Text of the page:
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Mark Betts

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quote:
(Am I the only one who finds the numeric parallel between Christ and the 12 disciples, and TV and his 12 apostles to be a bit ominous?)[/QB]
I don't know if I'd use the word "ominous", but it makes me wonder just who Terry Virgo thinks he is.

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Fr Raphael
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I live in a little world which until I read this knew nothing of Newfrontiers.

I looked them up on Wikipedia and also looked up Mr Virgo there too.

Is there much really to be worried about? They seem to be reaching out to where some other churches are not having success.

They are also larger than I expected.

I understand the comment about 12 apostles, however could it not be that Mr Virgo is following closely his Lord's model of having twelve chosen men.

I've not come across 'apostle' as a ministry name in a church, is it common in churches of this type. As a term it has a little more Biblical foundation than Bishop,, doesn't it?

Looking at one of the new frontiers congregations I was surprised at the venue they met in, which I happened to know. That venue could not really accommodate more than 60. Somehow I had the image in my mind of 100+ in their congregations.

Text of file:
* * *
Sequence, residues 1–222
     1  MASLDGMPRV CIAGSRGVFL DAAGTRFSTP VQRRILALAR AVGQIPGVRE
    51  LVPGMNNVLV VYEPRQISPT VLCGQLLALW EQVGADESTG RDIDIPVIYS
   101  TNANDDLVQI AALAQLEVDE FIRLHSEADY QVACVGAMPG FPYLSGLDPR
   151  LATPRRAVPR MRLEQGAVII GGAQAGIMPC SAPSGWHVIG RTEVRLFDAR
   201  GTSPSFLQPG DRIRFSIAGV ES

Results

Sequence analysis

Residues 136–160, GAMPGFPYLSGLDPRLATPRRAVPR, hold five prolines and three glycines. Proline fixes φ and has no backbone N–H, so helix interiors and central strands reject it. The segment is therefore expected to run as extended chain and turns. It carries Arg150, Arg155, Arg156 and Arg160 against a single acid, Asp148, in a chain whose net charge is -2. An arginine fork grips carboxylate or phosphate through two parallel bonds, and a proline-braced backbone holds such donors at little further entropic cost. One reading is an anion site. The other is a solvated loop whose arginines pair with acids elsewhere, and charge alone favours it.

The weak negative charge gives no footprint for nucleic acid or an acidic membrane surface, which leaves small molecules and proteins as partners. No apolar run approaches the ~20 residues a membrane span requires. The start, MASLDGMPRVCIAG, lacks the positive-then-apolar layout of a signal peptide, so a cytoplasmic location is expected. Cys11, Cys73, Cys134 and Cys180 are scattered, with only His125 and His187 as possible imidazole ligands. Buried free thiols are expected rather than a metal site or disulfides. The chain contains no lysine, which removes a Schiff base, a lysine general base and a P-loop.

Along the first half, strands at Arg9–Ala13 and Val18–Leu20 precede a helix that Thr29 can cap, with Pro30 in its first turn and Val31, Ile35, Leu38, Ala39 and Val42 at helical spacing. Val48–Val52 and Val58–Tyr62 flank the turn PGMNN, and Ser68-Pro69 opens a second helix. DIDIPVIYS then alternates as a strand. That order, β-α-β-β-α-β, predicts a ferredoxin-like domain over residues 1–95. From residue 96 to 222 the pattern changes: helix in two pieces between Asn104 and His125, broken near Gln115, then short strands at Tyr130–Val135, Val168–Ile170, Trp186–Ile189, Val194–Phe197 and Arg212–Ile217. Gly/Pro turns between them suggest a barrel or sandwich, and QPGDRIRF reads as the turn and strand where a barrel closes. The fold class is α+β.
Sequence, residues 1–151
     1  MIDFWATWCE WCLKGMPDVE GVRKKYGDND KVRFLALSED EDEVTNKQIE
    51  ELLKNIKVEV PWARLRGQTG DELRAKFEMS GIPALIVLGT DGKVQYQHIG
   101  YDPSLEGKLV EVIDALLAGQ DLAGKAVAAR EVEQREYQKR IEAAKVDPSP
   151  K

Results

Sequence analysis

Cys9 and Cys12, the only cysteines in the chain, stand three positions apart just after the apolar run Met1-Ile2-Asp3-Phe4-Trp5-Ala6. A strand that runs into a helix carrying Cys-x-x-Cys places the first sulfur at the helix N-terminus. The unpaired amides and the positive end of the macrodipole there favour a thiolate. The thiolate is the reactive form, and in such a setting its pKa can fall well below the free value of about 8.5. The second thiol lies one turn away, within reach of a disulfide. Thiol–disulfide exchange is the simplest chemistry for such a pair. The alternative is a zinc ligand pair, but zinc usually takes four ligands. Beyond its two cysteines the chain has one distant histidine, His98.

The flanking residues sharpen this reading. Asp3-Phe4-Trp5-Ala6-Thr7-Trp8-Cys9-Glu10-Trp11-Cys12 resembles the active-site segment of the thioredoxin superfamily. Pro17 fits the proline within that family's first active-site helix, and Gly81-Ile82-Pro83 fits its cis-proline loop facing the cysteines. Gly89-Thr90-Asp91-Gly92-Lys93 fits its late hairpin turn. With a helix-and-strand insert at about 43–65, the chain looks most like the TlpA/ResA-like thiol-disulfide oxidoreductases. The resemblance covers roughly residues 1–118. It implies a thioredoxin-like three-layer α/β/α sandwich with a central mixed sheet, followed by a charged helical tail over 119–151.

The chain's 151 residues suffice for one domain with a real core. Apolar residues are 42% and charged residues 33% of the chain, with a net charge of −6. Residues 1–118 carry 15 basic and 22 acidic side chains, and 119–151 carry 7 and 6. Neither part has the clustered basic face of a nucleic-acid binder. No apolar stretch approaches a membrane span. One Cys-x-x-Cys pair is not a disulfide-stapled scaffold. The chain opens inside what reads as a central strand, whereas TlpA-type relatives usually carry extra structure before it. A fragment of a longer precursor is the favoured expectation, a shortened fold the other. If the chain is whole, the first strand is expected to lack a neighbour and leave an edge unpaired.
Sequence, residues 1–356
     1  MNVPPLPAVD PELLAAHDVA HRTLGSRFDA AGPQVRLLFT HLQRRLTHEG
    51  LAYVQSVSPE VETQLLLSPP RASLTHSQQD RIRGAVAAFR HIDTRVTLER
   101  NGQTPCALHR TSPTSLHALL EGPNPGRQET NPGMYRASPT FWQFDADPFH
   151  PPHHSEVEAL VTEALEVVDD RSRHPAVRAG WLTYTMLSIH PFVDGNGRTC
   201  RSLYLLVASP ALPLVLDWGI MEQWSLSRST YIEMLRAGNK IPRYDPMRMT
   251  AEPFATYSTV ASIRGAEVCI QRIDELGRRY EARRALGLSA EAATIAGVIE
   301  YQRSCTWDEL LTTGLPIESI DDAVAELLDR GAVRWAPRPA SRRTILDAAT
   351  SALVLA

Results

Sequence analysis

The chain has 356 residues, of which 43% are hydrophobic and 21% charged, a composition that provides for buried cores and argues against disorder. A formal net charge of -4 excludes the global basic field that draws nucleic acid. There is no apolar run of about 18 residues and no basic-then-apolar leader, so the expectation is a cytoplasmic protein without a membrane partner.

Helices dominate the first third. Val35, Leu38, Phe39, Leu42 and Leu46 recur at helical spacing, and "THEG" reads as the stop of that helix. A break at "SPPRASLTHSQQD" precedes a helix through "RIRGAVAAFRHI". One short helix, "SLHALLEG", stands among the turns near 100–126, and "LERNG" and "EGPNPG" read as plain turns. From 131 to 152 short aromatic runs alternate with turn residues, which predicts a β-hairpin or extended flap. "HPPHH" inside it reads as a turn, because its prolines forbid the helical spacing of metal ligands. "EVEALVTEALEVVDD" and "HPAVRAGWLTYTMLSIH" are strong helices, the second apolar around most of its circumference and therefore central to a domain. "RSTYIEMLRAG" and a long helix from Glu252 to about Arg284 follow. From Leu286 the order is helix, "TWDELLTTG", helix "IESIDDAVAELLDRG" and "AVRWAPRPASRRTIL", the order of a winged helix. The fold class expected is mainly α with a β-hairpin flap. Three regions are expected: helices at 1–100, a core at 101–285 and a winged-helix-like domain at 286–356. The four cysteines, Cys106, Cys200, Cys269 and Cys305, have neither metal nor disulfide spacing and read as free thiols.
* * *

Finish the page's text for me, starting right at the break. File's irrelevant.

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Sioni Sais
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quote:
Originally posted by Gamaliel:
Well yes ... which is why I am no longer a restorationist ...

There's always the danger that you end up restoring the church at Corinth, Ephesus, or many of the other places to which Paul wrote epistles. They started well, then they got institutionalised, argued about footnotes etc and oh dearie me, you know the rest. Nothing much changes.

TV could have appointed just eleven, to avoid outsiders (and maybe insiders) wondering who plays Judas. To appoint twelve also smacks of numerology.